This is politics in 3D

Democrats made history again last Tuesday by choosing a 39-year-old African-American mayor as their nominee to be governor of Florida. Andrew Gillum beat Gwen Graham, daughter of former governor and former U.S. Sen. Bob Graham (D-Fla.), one of the most popular politicians in the history of the Sunshine State.

In New York in June, Alexandria Ocasio-Cortez won a primary race against incumbent U.S. Rep. Joe Crowley, a member of the House Democratic leadership. Crowley was in his 10th term and thought of as a possible House Speaker or majority leader in the future. He had the support of the entire Democratic financial and organizational leadership at his fingertips.

{mosads}In Georgia in May, Democrats nominated state House Leader Stacey Abrams, an African-American woman born in Gulfport, Mississippi, as their nominee for governor. To win, Abrams overcame a strong primary race against state Sen. Stacey Evans, a Georgia native supported by former Gov. Roy Barnes, former U.S. Sen. Max Cleland (D-Ga.), the mayor of Atlanta and several other longtime state leaders.

Most observers see the common thread between these candidates  as being their progressive positions on issues and endorsement from Bernie Sanders, the Democratic socialist senator who mounted a surprising challenge to Hillary Clinton in the party’s last presidential primaries. What if it wasn’t just their progressive stances on issues, or support from Sanders, but their uncharacteristic boldness and unconventional positioning against the establishment?

Politics is a three-dimensional business, and not all contests lie along the left/right axis. Some are up/down and others inside/out. Perhaps these outsiders are beating insiders because the longtime trend against institutional trust is flowering and the national electorate is diversifying more quickly than the Democratic establishment can adjust. According to recent Gallup polling, confidence has been declining in most American institutions except the military since the 1970s. Though elected officials, Abrams and Gillum weren’t the establishment’s preferences and didn’t look like the establishment either.

Fifteen years ago, I stood in the doorway of a South Carolina hotel with Gwen Graham’s father, as he waged a short-lived campaign for president. A middle-aged white woman grabbed Sen. Graham by the hand; she relayed an anecdote that encapsulated her belief that the system was rigged, stacked against people like her in favor of the wealthy and the connected. She wanted someone to take on those interests and rebalance things back toward her side.

I thought about that woman as I watched Donald Trump march toward the White House in 2016. Trump tapped that outsider, left-behind sentiment, doused it in racial and ethnic resentment, and then served it up as an aspirational promise to “Make America Great Again.” He was the bad-boy billionaire, disrespected by the elites, who shared a similar grievance about the system being rigged. He promised to reverse-engineer it in favor of the working class — mostly the white, working class. I wondered if he got that South Carolina woman’s support?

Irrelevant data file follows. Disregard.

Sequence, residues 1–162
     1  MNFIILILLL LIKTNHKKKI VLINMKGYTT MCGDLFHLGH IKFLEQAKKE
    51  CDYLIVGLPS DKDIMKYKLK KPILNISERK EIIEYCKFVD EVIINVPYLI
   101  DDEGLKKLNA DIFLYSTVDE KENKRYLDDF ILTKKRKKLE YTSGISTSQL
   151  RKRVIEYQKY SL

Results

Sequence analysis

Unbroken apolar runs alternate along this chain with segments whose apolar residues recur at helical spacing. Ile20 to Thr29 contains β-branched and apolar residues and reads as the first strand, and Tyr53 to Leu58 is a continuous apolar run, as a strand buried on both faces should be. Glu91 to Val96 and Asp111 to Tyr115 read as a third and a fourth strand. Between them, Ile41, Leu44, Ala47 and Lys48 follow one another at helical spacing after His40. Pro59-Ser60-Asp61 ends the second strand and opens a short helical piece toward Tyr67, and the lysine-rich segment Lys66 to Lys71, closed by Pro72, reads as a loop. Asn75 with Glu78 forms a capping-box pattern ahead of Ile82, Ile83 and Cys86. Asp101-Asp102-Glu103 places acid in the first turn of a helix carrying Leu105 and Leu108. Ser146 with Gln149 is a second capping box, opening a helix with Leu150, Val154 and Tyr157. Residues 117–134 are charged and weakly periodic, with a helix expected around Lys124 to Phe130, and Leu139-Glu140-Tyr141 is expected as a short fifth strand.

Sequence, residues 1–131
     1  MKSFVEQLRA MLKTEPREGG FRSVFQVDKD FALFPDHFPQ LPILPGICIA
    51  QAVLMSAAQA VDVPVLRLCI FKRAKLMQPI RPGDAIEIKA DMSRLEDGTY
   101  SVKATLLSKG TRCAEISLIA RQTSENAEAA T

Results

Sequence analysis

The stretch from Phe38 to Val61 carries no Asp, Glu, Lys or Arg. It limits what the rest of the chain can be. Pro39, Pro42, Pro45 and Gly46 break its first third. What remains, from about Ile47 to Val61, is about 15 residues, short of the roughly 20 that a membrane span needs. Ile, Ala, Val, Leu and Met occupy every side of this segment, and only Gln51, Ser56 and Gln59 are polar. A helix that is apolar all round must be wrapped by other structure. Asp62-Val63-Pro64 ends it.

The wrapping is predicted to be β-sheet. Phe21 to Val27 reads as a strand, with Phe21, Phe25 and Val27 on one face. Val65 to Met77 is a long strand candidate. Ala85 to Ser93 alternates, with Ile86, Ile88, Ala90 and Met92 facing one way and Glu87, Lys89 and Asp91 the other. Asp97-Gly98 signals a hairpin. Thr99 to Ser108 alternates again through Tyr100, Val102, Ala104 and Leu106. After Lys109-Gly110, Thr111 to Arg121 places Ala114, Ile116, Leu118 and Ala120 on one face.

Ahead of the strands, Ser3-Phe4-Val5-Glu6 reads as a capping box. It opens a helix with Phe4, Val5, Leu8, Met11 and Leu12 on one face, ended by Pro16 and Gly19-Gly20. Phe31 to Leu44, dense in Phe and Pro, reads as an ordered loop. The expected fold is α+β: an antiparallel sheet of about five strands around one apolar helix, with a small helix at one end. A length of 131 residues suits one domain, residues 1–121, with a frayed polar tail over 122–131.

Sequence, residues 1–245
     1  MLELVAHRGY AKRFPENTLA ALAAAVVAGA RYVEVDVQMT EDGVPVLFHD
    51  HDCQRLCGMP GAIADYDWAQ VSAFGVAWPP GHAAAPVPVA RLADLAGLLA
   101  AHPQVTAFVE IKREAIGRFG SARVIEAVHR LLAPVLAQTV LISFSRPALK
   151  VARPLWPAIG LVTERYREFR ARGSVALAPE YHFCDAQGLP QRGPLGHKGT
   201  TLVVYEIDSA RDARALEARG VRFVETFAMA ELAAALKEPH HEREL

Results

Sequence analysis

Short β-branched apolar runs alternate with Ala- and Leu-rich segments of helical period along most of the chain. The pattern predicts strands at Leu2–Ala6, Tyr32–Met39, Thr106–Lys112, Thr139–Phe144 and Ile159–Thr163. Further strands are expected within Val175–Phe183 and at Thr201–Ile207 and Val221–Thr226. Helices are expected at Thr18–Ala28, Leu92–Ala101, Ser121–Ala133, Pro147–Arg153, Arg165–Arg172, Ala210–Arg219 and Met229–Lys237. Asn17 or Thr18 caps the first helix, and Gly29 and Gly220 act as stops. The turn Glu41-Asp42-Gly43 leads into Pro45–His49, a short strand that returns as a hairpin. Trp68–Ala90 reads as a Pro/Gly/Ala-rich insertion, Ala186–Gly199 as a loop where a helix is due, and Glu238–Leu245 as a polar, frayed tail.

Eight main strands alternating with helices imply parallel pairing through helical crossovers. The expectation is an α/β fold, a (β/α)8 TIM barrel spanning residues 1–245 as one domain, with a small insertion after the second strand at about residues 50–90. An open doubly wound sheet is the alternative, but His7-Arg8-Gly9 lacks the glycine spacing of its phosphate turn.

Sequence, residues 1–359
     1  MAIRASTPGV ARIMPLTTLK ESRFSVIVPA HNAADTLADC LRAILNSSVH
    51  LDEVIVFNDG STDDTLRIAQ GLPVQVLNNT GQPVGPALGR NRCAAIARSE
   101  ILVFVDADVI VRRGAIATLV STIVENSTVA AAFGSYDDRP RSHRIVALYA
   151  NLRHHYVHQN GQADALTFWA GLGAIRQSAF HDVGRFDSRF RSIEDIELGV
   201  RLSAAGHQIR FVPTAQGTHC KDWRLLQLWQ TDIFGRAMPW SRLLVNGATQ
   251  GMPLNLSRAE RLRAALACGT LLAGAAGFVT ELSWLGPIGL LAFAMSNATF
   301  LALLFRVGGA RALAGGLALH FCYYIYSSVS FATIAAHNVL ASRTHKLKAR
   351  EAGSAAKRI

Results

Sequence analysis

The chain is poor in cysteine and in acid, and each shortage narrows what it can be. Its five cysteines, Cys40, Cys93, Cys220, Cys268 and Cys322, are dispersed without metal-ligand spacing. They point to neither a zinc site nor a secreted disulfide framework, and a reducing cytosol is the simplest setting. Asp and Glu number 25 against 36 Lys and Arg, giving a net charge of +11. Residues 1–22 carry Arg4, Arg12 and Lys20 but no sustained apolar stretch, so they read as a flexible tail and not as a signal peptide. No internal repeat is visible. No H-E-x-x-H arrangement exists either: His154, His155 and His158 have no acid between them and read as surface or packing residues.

There are other Americans who feel left out too and Democratic candidates are tapping into their anxiety. The Democratic coalition includes many of the groups the Trump coalition would vote off their reality-show island. Black voters want someone to speak up for police accountability in the shootings of unarmed African Americans. Latino and Asian American voters are hungry for candidates to embrace their right to be Americans too and oppose anti-immigrant politics. Young voters of all backgrounds are motivated by issues like guns, racism and health care. In Florida that coalition nearly doubled Democratic primary turnout over four years ago.

It makes sense. America these days feels like a ballpark where all the people in the skyboxes are well cared for but those in the bleachers aren’t getting very much out of the game. Take wage growth for example. According to the Pew Research Center, American workers’ purchasing power hasn’t grown much since 1978, the year “Mork and Mindy” debuted on television. And, Pew reports, since 2000, “usual weekly wages have risen 3 percent (in real terms) among workers in the lowest tenth of the earnings distribution and 4.3 percent among the lowest quarter. But among people in the top tenth of the distribution, real wages have risen a cumulative 15.7 percent.”

Another hallmark outsider-versus-insider Democratic primary is coming on Tuesday, Sept. 4: Ayanna Pressley, the first black woman on Boston’s city council, is challenging ten-term Congressman Mike Capuano. They mostly agree on issues, but Pressley is pressing a case for change. Capuano is still the favorite, but if the “3D politics” trend continues, he might be in for a surprise.  

Jamal Simmons is a Democratic strategist who has worked for the Clinton White House, Congress and the Clinton, Gore and Obama presidential campaigns. He is a liberal host for The Hill’s new Hill.TV video division.

Tags 2018 midterms Bernie Sanders Democratic Party Democratic socialism Donald Trump Gwen Graham Hillary Clinton Joe Crowley MAGA Politics of the United States progressive Republican Party

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